Millions could miss out on EU vote as registration deadline looms
By Benjamin Fox
May's European elections may be three months away, but for those who are yet to register to vote, this week may be their final chance to make sure they get their hands on a ballot paper.
Like the voting itself, which starts in some countries on 22 May but is staggered across the following three days, each country has its own national deadline to register to vote.
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People living in France or Spain who are not already on the electoral register have already missed the boat. Citizens living in Belgium, Greece and Luxembourg have less than 48 hours to meet the deadline of 28 February.
An estimated 8 million Europeans of voting age live outside the country they were born in, roughly equivalent to the entire population of Austria.
With 2.2 million and 1.9 million respectively, Germany and the UK have more than half of the EU's expat community, followed by Spain and Italy. With over 600,000 non-national EU citizens, however, Belgium has the largest number of expats as a proportion of its population.
Registrations by EU citizens to vote in their country of residence rather than origin have doubled in the past twenty years, from 5.9 percent in 1994 to 11.6 percent in 2009, but expats are surprisingly reluctant to exercise their right to vote.
Around 10 percent of EU citizens living in another EU country had taken advantage of their right to vote and stand in local elections, according to a 2012 report by the European Commission.
Those working in and around the EU institutions are scarcely more likely to turn out to vote. A survey of 9,000 EU expats by the Brussels-Europe Liaison Office in July 2013 found that just 14 percent had voted in the previous year's municipal elections.
Moreover, some countries make it easier than others. Fourteen EU countries - Austria, Denmark, Estonia, Finland, Germany, Hungary, Latvia, Lithuania, Malta, the Netherlands, Romania, Slovakia, Slovenia and Sweden - automatically include all residents, including non-national EU citizens, on the electoral rolls when they register as a resident.
For other countries, registering to vote can either be done online or, more reliably, at the local town hall.
Meanwhile, the number of election candidates standing in countries different to their nationality remains small, though it rose from 57 candidates at the 2004 elections to 81 in 2009.
EU officials are aware of the problem of having millions of disenfranchised voters scattered across the bloc, mindful that turnout at European elections has fallen steadily from 61 percent to 43 percent in 2009, since direct elections were introduced in 1979.
But the powers of the EU's executive arm are limited. The European Court of Justice has made clear that the administration of elections is up to national governments, precluding the prospect of a single pan-EU registration deadline.
But the Commission has still taken action against a series of governments for making it harder for EU expats to vote than nationals.
The low rates of registration are not necessarily because of a lack of knowledge. More than two thirds of Europeans know that they have the right to vote in other EU member states, according to a Eurobarometer poll taken in 2010 following the last European elections.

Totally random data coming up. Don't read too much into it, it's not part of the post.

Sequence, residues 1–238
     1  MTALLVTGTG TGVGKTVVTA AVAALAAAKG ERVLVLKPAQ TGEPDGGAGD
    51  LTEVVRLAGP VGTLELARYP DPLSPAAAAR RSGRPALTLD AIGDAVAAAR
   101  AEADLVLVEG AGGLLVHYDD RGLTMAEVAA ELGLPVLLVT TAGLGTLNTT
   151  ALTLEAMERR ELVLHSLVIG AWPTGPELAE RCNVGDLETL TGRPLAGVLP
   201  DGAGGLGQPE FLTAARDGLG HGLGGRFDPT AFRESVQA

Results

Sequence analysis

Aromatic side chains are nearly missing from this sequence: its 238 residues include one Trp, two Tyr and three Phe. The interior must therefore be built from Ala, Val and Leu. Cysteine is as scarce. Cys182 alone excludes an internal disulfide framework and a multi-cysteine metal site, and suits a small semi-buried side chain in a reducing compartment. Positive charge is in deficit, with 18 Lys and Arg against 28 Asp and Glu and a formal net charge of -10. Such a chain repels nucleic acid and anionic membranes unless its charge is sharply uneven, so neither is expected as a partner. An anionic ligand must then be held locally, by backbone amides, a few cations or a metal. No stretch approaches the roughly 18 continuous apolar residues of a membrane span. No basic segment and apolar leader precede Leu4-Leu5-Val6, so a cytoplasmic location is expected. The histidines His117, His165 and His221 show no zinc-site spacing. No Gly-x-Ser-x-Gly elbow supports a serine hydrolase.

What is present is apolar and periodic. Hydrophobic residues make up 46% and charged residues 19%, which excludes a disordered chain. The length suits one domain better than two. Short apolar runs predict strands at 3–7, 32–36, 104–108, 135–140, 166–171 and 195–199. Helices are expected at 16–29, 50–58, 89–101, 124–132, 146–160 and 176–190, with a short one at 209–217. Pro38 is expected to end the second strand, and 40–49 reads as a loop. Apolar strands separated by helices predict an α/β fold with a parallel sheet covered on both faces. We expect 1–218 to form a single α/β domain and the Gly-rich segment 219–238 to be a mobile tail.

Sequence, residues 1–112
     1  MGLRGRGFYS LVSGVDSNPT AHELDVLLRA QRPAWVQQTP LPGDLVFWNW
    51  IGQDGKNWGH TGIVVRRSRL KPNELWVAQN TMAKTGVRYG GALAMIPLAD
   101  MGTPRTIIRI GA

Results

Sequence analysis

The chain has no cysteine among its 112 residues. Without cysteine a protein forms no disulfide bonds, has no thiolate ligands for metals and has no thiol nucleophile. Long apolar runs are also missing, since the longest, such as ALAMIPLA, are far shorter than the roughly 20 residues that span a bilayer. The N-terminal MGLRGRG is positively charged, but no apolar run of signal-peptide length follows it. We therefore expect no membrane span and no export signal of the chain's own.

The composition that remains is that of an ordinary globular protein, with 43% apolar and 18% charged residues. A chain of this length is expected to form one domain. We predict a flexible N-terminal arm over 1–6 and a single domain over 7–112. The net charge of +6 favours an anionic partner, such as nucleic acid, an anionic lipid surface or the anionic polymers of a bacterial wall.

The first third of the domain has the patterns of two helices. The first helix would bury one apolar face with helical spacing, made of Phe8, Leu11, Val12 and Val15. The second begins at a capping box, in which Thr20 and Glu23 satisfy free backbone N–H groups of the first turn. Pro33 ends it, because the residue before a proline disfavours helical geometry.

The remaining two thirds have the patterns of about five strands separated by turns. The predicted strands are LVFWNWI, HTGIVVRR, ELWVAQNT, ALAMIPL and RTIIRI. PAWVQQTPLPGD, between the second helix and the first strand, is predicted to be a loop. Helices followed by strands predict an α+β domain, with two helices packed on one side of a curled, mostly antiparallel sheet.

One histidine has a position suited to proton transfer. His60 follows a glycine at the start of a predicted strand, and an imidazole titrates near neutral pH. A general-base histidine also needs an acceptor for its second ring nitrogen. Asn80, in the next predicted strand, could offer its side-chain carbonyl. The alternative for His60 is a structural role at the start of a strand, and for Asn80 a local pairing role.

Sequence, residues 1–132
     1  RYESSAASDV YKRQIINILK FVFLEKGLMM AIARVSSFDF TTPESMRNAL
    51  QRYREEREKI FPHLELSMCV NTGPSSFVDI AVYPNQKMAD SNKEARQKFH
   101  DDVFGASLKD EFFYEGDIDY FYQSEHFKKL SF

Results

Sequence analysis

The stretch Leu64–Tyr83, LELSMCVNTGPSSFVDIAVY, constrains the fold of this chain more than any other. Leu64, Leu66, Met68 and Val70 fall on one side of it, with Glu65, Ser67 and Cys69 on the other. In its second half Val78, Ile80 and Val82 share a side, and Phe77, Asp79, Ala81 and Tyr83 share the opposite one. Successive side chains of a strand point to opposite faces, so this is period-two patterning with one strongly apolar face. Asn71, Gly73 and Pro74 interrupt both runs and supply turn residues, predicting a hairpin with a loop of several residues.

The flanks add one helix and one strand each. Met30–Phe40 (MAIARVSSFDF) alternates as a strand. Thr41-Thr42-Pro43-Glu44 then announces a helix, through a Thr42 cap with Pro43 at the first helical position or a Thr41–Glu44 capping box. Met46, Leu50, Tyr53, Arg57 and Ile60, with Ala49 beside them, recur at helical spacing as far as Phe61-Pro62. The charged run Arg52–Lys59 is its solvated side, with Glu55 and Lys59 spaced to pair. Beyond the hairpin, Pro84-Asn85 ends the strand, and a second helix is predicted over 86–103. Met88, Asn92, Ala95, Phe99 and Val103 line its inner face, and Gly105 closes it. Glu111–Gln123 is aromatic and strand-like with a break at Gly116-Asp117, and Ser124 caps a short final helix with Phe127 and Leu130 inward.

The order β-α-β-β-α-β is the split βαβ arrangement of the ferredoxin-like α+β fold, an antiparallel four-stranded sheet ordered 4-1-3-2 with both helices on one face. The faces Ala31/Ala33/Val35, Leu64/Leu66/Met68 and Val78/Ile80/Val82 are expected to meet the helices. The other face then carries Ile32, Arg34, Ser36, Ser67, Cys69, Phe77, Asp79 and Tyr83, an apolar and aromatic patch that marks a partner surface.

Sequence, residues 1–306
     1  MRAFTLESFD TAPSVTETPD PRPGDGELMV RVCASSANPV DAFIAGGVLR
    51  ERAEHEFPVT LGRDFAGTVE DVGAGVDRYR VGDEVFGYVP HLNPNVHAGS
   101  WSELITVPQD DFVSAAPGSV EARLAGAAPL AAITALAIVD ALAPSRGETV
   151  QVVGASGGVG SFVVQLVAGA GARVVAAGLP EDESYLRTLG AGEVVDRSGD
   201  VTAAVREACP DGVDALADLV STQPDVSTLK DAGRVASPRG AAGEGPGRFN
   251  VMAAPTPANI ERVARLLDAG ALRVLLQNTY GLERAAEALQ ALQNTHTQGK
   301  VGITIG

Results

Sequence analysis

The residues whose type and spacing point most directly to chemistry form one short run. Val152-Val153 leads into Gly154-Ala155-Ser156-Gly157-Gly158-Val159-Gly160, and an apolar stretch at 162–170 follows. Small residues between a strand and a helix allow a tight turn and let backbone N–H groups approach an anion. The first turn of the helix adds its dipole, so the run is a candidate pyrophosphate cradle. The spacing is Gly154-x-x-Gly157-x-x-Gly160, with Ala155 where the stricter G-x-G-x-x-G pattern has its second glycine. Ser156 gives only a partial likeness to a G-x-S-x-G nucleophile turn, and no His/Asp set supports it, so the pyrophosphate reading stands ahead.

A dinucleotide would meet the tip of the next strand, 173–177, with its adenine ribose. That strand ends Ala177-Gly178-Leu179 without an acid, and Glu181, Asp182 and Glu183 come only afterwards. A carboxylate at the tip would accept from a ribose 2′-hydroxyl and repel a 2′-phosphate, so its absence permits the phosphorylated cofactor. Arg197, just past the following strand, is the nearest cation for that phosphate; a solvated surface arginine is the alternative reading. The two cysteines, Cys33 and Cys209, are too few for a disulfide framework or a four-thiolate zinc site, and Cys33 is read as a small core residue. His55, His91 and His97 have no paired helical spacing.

But the same poll found that more than 80 percent of voters thought that turnout would be higher if there was more information about the elections and if the poll was held on the same day across Europe.
There has also been a mixed record of implementing EU voting rights by governments.
Eleven member states - Bulgaria, Cyprus, Czech Republic, Estonia, Hungary, Lithuania, Latvia, Poland, Romania, Slovenia and Slovakia - were instructed by the Commission in 2011 and 2012 to re-write domestic electoral law following claims that they were requiring additional registration requirements for non-nationals and failing to provide them with adequate information about their voting rights.
In its inquest to the 2009 elections, the Commission also found that EU citizens in Lithuania and Slovenia were only granted the right to vote after a minimum of five years’ residence, while Maltese legislation required all EU expats wishing to register on the electoral roll to present a Maltese ID card.
The question of getting EU nationals to vote outside their home country remains a vexed one.
Most expats will continue to vote in their country of nationality. But for the millions of Europeans who can't or won't be able to do that, they have a matter of days and weeks to avoid being missing out on their right to vote.
Voter registration deadlines
France - 31 December 2013
Spain - 30 January 2014
Belgium - 28 February 2014
Greece - 28 February 2014
Luxembourg - 28 February 2014
Finland - 6 March 2014
Austria - 10 March 2014
Italy - 10 March 2014
Romania - 25 March 2014
Portugal - 25 March 2014
Malta - 31 March 2014
Cyprus - 2 April 2014
Netherlands - 8 April 2014
Lithuania - 10 April 2014
Czech Republic - 13 April 2014
Slovakia - 14 April 2014
Bulgaria - 15 April 2014
Denmark - 22 April 2014
Latvia - 24 April 2014
Slovenia - 25 April 2014
Estonia - 25 April 2014
Croatia - 25 April 2014
Sweden - 25 April 2014
Germany - 4 May 2014
UK - 6 May 2014
Hungary - 9 May 2014
Ireland - 10 May 2014
Poland - 20 May 2014